Murky actions

The government’s handling of the Supreme Court collegium’s recommendation for appointment of former solicitor-general Gopal Subramanium as a judge of the SC has raised concerns and is questionable in many ways. The government blocked his appointment by forwarding to the President only three out of four names recommended by the collegium. Subramanium has withdrawn his consent to be considered for the position in the wake of the controversy, but days after he imputed motives to the government’s action, it has not come out with a convincing explanation for it. In the absence of it, Subramanium’s charge that the government considered him too independent for the position would only sound credible. The devious means adopted by the government, allegedly to block his appointment, would also support this.

By sending only three names to the President for appointment, instead of returning the file to the collegium which was the normal course if the government wanted a reconsideration of any name, the government violated the due procedure. If the collegium stuck to its recommendation, the government would have had no option but to accept Subramanium’s name. It probably wanted to scuttle this possibility. The leaked reports about some purported acts of impropriety by Subramanium which raised questions about his suitability also gave a murky dimension to the matter. Therefore, the perception expressed by Subramanium that his role as amicus curiae in the Sohrabuddin encounter case, which led to judicial actions against BJP leader Amit Shah, influenced the government’s conduct would find credence. That would show partisanship, based on personal or political considerations, in decisions on judicial appointments, and it is undesirable and objectionable. The executive has the right to have its views on the collegium’s recommendations and pursue them with it. But the use of innuendos and intelligence reports, which cannot be verified, is wrong.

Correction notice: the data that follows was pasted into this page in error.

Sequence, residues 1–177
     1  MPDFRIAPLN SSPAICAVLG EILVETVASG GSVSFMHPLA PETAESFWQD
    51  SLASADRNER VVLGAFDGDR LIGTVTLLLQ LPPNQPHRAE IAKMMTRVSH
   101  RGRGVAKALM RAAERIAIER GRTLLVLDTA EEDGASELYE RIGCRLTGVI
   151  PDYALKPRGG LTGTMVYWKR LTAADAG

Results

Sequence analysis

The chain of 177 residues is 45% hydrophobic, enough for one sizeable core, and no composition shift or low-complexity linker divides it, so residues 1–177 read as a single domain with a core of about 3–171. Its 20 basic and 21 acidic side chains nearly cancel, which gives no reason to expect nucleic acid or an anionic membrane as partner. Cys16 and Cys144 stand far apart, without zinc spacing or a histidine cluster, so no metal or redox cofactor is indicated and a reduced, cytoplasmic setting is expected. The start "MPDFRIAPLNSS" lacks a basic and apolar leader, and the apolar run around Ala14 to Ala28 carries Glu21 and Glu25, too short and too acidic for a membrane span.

The collegium also failed to defend its recommendation after it had secured Subramanium’s consent for consideration as a judge. It also did not tell the government to follow the correct procedure. Subramanium has seen it as a case of ‘’the judiciary failing to assert its independence’’ and has expressed his unease over it. This is particularly glaring because the government’s action in effect circumvented the court’s powers in the present scheme of judicial appointments. Both the government and the court have erred in the matter.

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